Samsung BD-E6500 Blu-ray 3D Player Page 2

Tests and Real-World Performance
The two best Blu-ray players I've used in 2012 are the Sony BDP-S790 (Home Theater, September 2012) and Oppo BDP-103 (Home Theater, January 2013), and while the Samsung performed admirably in our benchmark video processing tests, it didn't sail through them like the aforementioned players and doesn't sport the stellar DVD upconversion that they do, either. The only test the Samsung failed outright was 2:2 HD—which is a common occurrence for most players—but it barely passed the 2:2 SD and 2:3 SD tests due to its inability to lock onto the signal in a timely manner on the first pass of the race car on the Anchor Bay VRS test disc.

Fortunately, the player didn't exhibit any issues with real-world material from the Star Trek: Insurrection and Gladiator DVDs. Rooftops and railings remained jaggie free, although the upconversion is much softer than I've grown used to with my reference Oppo player.

One area in which I have no complaints is the player's ability to boot up and load discs. In fact, it's one of the fastest I’ve used. The unit powers up and takes you to its Home screen in less than 10 seconds and loads BD-Java-intensive discs in less than 30 seconds. My only gripe is the noise of the disc drive, which is surprisingly loud with various grinding and gurgling noises while accessing the disc. Thankfully, no discs were harmed during the testing of this player, and once the movie starts, the drive is virtually silent.

The Dark Knight Rises is the thrilling conclusion of director Christopher Nolan's reboot of the popular comic book character. It has been eight years since Batman vanished into the night, turning from hero into fugitive. But when he makes his return to the streets of Gotham City, all hell breaks loose. Like The Dark Knight, the film was shot in part using IMAX cameras with 65mm film mixed with traditional 35mm photography. The AVC video encode takes advantage of this by using a hybrid master to replicate the two different aspect ratios throughout the film—2:40:1 for the 35mm footage and 1.78:1 for the 65mm IMAX shots. Needless to say, the IMAX footage is outstanding, and the Samsung delivered the goods in the picture department. Detail and clarity were both top notch, and the player did nothing to detract from the experience.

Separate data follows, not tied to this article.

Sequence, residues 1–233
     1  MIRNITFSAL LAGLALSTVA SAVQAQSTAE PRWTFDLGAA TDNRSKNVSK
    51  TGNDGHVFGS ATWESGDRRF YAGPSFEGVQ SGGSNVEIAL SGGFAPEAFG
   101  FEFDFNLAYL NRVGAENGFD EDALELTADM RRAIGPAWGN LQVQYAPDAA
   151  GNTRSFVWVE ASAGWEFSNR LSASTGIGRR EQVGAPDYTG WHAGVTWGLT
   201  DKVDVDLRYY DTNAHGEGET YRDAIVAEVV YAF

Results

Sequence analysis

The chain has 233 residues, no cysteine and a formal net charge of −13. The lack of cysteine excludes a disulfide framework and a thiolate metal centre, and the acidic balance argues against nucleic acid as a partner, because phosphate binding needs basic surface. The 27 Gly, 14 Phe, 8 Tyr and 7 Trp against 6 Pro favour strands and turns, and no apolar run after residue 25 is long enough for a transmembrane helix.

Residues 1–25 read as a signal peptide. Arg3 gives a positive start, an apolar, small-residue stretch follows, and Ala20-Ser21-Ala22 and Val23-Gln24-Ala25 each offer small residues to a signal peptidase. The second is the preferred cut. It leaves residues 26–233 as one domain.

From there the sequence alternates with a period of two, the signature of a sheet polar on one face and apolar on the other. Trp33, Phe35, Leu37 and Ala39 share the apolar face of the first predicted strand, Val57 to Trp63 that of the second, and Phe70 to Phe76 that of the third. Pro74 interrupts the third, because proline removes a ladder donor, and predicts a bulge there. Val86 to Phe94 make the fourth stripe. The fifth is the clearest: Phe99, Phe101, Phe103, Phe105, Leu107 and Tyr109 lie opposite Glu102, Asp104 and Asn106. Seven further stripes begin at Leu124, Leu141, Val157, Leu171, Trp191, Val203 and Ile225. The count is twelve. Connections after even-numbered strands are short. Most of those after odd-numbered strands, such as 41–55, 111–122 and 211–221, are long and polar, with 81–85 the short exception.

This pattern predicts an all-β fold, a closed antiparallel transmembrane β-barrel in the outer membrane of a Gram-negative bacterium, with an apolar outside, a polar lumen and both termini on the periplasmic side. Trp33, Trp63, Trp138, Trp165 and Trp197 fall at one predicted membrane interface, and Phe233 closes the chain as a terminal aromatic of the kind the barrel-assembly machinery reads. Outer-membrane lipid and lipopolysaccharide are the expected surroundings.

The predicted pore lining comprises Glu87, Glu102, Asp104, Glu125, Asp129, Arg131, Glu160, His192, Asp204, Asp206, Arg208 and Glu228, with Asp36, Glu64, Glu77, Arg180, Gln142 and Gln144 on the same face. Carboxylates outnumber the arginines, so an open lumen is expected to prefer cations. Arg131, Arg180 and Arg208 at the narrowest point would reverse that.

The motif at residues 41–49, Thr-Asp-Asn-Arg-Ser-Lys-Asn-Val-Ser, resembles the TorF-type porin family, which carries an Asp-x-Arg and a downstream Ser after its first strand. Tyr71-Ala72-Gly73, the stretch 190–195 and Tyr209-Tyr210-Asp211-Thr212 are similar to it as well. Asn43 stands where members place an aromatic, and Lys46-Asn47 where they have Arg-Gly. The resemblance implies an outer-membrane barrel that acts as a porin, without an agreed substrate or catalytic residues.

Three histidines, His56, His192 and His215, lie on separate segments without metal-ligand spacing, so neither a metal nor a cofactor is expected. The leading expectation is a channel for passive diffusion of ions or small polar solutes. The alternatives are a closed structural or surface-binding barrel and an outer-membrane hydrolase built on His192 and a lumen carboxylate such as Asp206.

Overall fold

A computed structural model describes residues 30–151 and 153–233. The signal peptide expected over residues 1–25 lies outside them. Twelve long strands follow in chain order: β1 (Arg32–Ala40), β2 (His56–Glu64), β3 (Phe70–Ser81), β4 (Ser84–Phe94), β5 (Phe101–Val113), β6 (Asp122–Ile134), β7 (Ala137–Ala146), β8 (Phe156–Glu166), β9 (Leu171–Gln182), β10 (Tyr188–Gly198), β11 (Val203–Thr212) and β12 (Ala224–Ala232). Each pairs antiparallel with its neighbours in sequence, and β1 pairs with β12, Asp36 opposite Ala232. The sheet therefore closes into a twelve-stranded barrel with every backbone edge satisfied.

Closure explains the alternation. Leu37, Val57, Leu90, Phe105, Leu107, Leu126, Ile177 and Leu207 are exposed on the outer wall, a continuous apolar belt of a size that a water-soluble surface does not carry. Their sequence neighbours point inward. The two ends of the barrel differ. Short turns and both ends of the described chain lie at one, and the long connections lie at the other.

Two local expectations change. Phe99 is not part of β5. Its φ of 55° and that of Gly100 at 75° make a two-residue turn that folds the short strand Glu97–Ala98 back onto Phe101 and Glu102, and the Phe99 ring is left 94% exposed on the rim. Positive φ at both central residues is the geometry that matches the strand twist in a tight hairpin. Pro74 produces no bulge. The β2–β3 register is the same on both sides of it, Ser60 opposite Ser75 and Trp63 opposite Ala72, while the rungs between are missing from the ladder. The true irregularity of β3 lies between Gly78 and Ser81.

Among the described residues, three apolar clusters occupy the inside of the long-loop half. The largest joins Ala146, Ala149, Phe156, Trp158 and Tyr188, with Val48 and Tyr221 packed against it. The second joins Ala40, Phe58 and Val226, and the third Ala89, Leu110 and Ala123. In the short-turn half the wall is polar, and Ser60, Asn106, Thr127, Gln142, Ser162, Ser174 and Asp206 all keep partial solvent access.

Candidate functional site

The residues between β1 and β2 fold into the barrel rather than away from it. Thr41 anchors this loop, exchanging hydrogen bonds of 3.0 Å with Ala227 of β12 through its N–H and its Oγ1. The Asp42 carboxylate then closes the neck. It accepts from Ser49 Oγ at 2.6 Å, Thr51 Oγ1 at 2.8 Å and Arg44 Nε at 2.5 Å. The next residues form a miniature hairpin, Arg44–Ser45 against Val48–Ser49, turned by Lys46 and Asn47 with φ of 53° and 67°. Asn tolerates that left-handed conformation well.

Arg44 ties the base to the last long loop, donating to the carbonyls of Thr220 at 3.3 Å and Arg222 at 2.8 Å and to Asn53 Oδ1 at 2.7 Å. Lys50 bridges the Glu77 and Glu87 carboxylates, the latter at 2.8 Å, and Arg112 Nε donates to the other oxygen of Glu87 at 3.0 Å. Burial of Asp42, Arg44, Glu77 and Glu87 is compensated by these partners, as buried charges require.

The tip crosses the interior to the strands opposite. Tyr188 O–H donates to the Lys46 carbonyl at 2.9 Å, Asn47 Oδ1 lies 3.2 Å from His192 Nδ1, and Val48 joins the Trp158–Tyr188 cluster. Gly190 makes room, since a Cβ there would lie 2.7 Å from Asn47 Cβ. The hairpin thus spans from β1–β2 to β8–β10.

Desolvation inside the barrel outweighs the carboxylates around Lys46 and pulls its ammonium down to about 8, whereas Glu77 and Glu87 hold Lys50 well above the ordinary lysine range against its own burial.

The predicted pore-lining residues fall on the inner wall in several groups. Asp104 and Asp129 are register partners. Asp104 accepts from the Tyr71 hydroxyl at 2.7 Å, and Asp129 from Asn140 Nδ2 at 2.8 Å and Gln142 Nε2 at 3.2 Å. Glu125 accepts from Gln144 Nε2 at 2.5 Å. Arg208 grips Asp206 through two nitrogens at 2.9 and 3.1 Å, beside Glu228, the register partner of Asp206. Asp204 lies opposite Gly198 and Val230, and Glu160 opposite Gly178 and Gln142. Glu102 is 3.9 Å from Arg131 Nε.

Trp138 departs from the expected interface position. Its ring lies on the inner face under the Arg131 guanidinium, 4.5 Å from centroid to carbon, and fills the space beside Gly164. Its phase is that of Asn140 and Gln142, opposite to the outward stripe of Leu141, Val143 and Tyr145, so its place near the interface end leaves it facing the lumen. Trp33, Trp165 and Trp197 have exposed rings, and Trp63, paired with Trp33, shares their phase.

Testing the player's ability to decode high-resolution audio proved to be a moving experience. Whether it was the DTS-HD Master Audio 5.1 track from The Dark Knight Rises or the Dolby TrueHD 5.1 track from Iron Man, the soundtracks’ internal PCM decoding matched the bitstream output without fail—as they should. I'm not a huge fan of the clicks and beeps in the various Blu-ray menus, so I default to bitstream most of the time. But either way, you'll be impressed.

Finding Nemo isn't my favorite Pixar film—that's reserved for Toy Story 2—but from a home theater perspective, the 3D presentation of the movie is jaw dropping. It features amazing depth and plenty of 3D-wow moments as Nemo's father searches for his lost boy. The player loaded the 3D disc without any issues. If you're looking for a new 3D demo, be sure to add Nemo to your collection.

The player’s streaming output mimics what I've seen across the various Blu-ray playersI've used. Vudu boasts the best picture quality overall, and the interface on the Samsung is snappy and easy to navigate. I dumped Netflix over a year ago and couldn't see how well that worked, but I doubt you'll have any operating issues given the company’s market penetration. If TV is your thing, Hulu Plus is a great option, with its variety of current TV shows in its lineup. The video output is quite good but doesn't quite match what you'll get from an over-the-air, satellite, or cable HD signal.

Conclusion
It's amazing how much Blu-ray player you can get for your buck these days. While the Samsung falls short of both the Sony BDP-S790 and Oppo BDP-103 in numerous areas, both players will hit your wallet harder (about $50 more for the Sony and $220 for the Oppo). If your budget is tight, you really can't go wrong with the Samsung. It offers a plethora of viable streaming options, exhibits excellent speed in its loading of discs, and its audio and video output is quite impressive for the cost. Despite a couple of minor issues—audio streaming limitations and the noisy disc drive—I would definitely give this player a look, even though it falls just short of Top Pick designation.

COMPANY INFO
Samsung
(800) 726-7864
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